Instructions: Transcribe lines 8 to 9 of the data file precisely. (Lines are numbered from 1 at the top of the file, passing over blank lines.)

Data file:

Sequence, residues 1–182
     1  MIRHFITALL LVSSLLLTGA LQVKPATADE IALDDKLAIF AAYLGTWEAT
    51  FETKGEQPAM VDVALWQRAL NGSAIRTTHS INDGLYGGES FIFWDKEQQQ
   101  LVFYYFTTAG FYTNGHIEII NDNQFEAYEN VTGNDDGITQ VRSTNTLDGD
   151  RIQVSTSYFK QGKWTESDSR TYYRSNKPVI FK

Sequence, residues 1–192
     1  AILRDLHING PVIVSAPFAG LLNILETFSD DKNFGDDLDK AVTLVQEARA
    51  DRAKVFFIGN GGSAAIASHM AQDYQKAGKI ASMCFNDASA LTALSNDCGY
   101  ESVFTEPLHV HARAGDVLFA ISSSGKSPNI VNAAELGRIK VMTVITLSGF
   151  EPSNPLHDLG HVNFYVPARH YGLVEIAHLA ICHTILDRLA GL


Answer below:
    51  DRAKVFFIGN GGSAAIASHM AQDYQKAGKI ASMCFNDASA LTALSNDCGY
   101  ESVFTEPLHV HARAGDVLFA ISSSGKSPNI VNAAELGRIK VMTVITLSGF